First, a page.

TOKYO -- Toshiba will accelerate its efforts to diversify its board members and enhance its governance in a bid to regain shareholder trust in the wake of a probe that found the company colluded with a government ministry to pressure activist shareholders.
On Monday, board chairman Osamu Nagayama told reporters that the company aims to reassemble its board to include more foreign directors and new voices, preferably those who have management experience, with the aim to "strengthen the board."
"We will hold discussions with shareholders and take their opinions into account during the process to reconstruct the board," Nagayama said, explaining that an extraordinary general meeting will be held at some point to elect new candidates.
The Japanese conglomerate's long-running row with activist shareholders resurfaced last week following an independent investigation into the company.
The probe, conducted by three lawyers, revealed how Toshiba's management colluded with Japan's Ministry of Economy, Trade, and Industry in an attempt to pressure activist shareholders. The probe concluded that Toshiba's annual general meeting last year was "not fairly managed."
Following the probe, Toshiba on Sunday held an emergency board meeting and removed two of its directors from its list of board nominees for this year's annual general meeting, scheduled to take place on June 25.
The two were audit committee chair Junji Ota and audit committee member Takashi Yamauchi. Both will retire from Toshiba's board at the shareholders meeting.
"Given the investigative report," Nagayama said, "it was decided that it would have been difficult to receive understanding from shareholders regarding Ota's and Yamauchi's reappointments."
Ota and Yamauchi were a part of the audit committee when Toshiba conducted its own review of the July shareholders meeting, which found no problems.
However, in a statement last week, four of Toshiba's outside directors said the "internal investigation made by the audit committee was not transparent to us, and the information we were provided with was presented in a highly misleading way." The directors called for a board shake-up.
Nagayama said that following Sunday's emergency board meeting, the four directors have expressed their support for its decision to reassemble and strengthen the board.
Along with Ota and Yamauchi, two Toshiba executives that were named in the probe will also step down at this month's AGM.
Toshiba now has 11 board member candidate nominees, including President and CEO Satoshi Tsunakawa and board chairman Nagayama.
The probe said that Toshiba and METI tried to prevent Effissimo Capital Management, who is Toshiba's largest shareholder, from fully exercising its proposal at last year's shareholders meeting.
The company said it has yet to talk with Effissimo following the report.
Nagayama expressed positive thoughts on Tsunakawa, saying he is "trusted by stakeholders and has overcome difficulties in the past," which makes him "the right person to take the helm of the company."
In addition to reconstructing its board, the company will work on rebuilding its executive committee. The drafting of a succession plan will be a top priority.
Tsunakawa took over in April after former CEO Nobuaki Kurumatani abruptly resigned.
During the news conference, Nagayama criticized Kurumatani, saying that "A somewhat adversarial relationship with shareholders has been fostered [through Kurumatani] which has caused the current situation."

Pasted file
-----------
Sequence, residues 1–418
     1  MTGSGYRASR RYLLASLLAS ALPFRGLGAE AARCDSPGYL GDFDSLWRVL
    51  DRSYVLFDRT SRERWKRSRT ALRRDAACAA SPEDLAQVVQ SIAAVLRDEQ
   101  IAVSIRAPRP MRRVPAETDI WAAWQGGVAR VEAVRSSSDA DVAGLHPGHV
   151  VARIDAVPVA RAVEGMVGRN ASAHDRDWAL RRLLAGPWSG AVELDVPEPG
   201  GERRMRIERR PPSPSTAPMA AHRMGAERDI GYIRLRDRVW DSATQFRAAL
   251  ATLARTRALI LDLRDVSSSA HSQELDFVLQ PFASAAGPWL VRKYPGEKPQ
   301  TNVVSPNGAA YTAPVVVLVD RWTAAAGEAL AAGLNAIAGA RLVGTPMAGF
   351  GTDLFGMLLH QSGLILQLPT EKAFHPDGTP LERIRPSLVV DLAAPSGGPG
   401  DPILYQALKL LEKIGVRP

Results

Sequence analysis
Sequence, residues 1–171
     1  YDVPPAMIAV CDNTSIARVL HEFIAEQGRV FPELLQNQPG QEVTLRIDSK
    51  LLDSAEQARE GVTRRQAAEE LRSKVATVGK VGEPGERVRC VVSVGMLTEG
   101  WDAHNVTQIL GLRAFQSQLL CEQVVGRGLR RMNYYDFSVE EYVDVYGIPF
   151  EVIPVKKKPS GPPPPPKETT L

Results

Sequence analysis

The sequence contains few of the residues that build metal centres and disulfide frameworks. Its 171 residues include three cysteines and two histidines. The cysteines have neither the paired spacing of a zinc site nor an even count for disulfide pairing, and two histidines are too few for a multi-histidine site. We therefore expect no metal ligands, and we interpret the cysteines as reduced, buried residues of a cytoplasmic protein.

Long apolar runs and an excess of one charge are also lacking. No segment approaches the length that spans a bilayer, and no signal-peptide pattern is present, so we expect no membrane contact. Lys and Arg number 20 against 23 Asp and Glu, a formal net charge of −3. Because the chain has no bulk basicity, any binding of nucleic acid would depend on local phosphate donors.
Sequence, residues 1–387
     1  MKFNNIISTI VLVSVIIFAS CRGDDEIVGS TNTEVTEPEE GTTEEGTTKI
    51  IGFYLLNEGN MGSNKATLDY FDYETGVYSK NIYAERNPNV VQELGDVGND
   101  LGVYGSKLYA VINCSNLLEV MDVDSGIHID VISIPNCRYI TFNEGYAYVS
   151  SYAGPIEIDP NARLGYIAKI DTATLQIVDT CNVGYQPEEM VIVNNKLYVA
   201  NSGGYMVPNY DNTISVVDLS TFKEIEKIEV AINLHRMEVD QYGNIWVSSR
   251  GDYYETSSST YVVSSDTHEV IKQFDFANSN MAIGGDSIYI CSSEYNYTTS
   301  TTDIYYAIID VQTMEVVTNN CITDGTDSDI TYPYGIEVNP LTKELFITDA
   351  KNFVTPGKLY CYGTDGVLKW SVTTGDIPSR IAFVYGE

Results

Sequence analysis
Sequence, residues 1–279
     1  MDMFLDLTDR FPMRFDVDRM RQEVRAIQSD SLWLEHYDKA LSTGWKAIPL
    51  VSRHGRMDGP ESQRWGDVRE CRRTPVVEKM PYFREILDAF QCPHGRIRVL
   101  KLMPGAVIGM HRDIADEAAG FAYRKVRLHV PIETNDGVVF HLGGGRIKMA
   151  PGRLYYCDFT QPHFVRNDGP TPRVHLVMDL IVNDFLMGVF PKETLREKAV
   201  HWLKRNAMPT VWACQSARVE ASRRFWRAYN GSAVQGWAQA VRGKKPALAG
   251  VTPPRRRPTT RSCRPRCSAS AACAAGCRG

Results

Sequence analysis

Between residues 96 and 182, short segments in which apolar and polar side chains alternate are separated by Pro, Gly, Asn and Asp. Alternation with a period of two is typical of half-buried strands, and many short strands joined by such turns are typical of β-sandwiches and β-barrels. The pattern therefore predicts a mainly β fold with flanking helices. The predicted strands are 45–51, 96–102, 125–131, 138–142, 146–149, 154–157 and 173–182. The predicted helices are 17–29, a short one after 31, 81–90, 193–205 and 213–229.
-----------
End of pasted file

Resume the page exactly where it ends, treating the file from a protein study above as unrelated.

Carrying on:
He stated that Toshiba lacked governance, including in its relationship with METI as stated in the investigation, and noted that "the existence of Mr. Kurumatani was one factor that cannot be denied. Aside from his legal responsibility, we cannot ignore his role in causing the current management chaos and undermining the trust of shareholders."
Following the probe, Toshiba said it would conduct another investigation, with the help of third parties, to determine the root cause and where the responsibility lies.
METI has remained mostly silent, saying it would wait for Toshiba's response to the investigation before taking action.
Nagayama noted that the news conference will serve as a response. He stated his belief that a certain level of connection is necessary between Toshiba and the ministry, given the company's business in fields related to national security. "It appears from the report that there were very critical exchanges [of information]," he said, "and I must say the people involved lacked a sense of legal compliance."
Nagayama himself faces calls to step down as board chairman, with U.S. proxy advisory Glass Lewis urging shareholders to vote against him while some reports claim that Singapore-based 3D Investment Partners has demanded his immediate resignation.
Nagayama acknowledged that there are disapproving voices but said "Toshiba's stakeholders have been very worried during this time and the board must work to rectify the situation quickly."
"There are different types of responsibilities. One is to take responsibility for the situation and another is to fulfill one's responsibility." "I would like to focus on the latter," he said but added that his reappointment will be up to shareholders at this month's AGM.
Asked about the possibility of Toshiba delisting from the Tokyo Stock Exchange, Nagayama said, "There are currently no plans to delist following the investigative report." He added that the company in January returned to the first section of the TSE; its shares had been demoted to the second tier in 2017.
"If the board receives any proposals about delisting it will consider them," Nagayama said, "but as of now Toshiba, as a public company, will do its best to enhance corporate value."
Following Toshiba's response to the probe and explanation from Nagayama, the company's shares closed up 2.7% in Tokyo.